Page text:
INDIANAPOLIS (AP) — In politics, being “in the know” is incredibly important, while being left out in the cold can be a stinging and often angering experience, as some of the state’s top officials have found out in recent weeks.
Republicans howled at being kept in the dark by the Obama administration about the placement in Indiana of 245 children who’d crossed the border unaccompanied. State Board of Education members groused at being left out of discussions on a settlement over ISTEP testing problems by Democratic schools Superintendent Glenda Ritz.
In the case of the placement of the immigrant children, Republican Gov. Mike Pence said he learned about it through news reports. A few days later, Republican members of the state’s congressional delegation aired their frustration over the lack of communication in a letter to the U.S. Department of Health and Human Services.
“Our state executives and congressional delegation need access to the most up-to-date information our federal government can provide,” wrote the lawmakers. “Up-to-date and transparent information is needed to properly accommodate the needs of both (unaccompanied children) and local communities. Currently we do not know with whom the children are being placed and if their health and safety can be guaranteed.”
Republican U.S. Rep. Todd Rokita, who took 16 questions about immigration from audience members during a town hall meeting in Hendricks County last week, noted that he can only answer questions he has information on and referenced the delegation’s frustration in getting answers from the Obama administration.
Rightly or wrongly, it’s not surprising that the government withholds information from the public. Officials from both parties use an array of tools to select which information gets out.
But inside the game of politics, being “in the know” is perhaps the most universal of currencies, sometimes more valuable than tangible items like campaign contributions and staff payroll. In the halls of the Indiana Statehouse, and just about any government building, knowledge is traded among insiders just as much as poor information and rumors.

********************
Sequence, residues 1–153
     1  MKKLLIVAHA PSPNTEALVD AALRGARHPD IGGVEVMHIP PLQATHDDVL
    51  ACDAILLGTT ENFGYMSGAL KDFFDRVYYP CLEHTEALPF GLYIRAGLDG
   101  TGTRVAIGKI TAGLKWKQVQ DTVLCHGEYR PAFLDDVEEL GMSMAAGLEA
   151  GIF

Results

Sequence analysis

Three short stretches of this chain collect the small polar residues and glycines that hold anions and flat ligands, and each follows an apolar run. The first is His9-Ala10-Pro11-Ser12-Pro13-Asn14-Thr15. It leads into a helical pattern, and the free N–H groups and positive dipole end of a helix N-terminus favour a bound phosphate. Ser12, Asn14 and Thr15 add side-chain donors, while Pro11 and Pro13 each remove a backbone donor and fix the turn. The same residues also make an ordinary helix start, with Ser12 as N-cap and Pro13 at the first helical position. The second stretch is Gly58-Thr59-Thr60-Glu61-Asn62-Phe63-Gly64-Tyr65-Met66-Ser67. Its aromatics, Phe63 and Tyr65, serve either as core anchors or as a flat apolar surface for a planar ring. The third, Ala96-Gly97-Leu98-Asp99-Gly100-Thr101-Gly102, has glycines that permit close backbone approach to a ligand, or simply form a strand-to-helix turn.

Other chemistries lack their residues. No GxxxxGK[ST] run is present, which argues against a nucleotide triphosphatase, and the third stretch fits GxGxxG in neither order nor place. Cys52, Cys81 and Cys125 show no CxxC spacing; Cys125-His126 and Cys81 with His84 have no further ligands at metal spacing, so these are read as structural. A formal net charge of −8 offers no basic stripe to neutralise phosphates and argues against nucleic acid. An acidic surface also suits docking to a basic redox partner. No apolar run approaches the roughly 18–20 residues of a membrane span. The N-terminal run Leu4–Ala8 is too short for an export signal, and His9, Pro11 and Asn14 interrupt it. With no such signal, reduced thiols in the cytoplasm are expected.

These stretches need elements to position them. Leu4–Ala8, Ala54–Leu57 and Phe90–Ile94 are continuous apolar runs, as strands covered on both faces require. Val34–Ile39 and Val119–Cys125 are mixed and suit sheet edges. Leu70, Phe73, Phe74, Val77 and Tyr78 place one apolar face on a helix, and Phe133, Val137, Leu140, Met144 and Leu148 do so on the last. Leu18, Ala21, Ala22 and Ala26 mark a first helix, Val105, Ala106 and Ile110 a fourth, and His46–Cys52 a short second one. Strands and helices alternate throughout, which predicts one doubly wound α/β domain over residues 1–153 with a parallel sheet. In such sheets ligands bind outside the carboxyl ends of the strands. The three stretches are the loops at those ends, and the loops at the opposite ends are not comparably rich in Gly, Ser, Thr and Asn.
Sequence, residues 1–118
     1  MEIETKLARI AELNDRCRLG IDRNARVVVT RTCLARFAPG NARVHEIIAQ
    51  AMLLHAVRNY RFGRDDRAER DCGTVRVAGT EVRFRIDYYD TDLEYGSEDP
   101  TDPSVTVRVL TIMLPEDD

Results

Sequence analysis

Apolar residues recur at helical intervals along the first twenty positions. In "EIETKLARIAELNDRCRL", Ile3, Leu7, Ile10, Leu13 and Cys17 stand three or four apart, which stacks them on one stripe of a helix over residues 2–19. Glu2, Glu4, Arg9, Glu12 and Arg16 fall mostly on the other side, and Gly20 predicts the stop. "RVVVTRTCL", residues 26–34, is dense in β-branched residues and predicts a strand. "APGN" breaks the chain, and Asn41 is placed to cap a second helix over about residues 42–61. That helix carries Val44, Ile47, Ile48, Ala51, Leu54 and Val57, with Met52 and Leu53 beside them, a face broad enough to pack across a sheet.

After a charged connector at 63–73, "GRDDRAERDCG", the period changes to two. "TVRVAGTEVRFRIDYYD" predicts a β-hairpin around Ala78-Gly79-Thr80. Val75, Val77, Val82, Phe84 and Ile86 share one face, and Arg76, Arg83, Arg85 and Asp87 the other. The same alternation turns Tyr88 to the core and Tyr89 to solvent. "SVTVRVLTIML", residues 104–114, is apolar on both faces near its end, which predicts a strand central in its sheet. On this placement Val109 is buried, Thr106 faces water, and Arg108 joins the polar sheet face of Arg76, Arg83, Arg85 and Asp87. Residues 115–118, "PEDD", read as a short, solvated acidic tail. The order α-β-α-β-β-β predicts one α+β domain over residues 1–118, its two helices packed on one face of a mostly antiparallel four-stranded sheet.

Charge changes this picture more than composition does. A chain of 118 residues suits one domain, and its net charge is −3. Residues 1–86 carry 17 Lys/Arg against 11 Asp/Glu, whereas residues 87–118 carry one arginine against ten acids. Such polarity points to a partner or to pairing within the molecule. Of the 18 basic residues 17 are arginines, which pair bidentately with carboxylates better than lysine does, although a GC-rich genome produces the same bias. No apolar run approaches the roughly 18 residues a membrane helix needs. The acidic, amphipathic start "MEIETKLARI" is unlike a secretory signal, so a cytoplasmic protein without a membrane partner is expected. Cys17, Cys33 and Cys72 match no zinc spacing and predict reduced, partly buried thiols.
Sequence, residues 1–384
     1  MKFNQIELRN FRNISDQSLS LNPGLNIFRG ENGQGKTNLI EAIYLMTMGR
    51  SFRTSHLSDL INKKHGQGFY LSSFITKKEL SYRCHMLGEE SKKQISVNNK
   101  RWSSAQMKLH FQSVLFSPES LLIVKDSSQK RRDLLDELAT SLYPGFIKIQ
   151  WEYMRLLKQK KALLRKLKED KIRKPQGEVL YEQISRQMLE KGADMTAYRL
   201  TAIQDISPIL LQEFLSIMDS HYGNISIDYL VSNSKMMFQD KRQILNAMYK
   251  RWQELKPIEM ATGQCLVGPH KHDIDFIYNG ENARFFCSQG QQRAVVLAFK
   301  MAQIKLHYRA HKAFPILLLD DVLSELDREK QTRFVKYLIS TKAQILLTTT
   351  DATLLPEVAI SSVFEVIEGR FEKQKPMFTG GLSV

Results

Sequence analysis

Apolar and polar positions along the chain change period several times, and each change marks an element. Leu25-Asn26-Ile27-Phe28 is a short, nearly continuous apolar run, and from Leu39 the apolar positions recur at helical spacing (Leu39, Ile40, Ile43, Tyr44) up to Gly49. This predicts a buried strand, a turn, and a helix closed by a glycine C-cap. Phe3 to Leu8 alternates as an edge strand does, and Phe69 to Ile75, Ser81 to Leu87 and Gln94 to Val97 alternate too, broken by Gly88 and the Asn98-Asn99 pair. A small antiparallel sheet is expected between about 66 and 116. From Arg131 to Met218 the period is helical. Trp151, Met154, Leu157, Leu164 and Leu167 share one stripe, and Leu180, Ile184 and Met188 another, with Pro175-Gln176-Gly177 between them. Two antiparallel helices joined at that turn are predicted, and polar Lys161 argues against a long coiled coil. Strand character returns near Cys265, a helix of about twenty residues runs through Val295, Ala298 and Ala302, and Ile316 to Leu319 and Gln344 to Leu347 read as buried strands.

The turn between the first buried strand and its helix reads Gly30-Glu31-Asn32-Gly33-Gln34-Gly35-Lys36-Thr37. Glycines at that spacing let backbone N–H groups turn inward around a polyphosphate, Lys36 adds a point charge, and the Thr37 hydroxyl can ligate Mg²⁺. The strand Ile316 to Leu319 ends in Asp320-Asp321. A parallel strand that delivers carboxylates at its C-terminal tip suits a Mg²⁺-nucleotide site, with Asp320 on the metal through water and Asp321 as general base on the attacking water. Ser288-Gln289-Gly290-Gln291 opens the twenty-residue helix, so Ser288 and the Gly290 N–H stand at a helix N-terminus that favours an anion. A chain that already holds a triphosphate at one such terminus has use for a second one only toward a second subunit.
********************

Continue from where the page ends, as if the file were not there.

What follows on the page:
Much of the formal work of executive and legislative staff involves exchanging information, such as when a resident calls a state lawmaker asking questions. But those staffers also keep information from each other, particularly when they’re on opposite sides of a fight.
The infighting on Indiana’s State Board of Education, between Ritz and some of the Republican-appointed members, showed the latest sting of being left in the cold.
Ritz surprised board members last week when she announced the state had reached a $3 million settlement with CTB/McGraw-Hill for widespread testing disruptions last October. The fact that she waited almost 10 months to announce the settlement led board member Brad Oliver to say he was “stunned.”
“I don’t remember talking about any of this, I don’t remember talking about it in a public board meeting. My understanding of the statute is the board has to be involved in the contract,” an exasperated Oliver said.
Ritz said during the board’s meeting last week that she had waited to alert anyone because the settlement would not be finalized until a one-year contract extension with CTB/McGraw-Hill was approved.
Much of the fighting has been over what amounts to policy-making by the board and what amounts to micromanagement of the Department of Education. And underlying almost every one of their battles, from Ritz’s spontaneous shutdown and walkout from a meeting last year to an ongoing public access lawsuit against the other 10 board members, has been the fact that one side was shut out.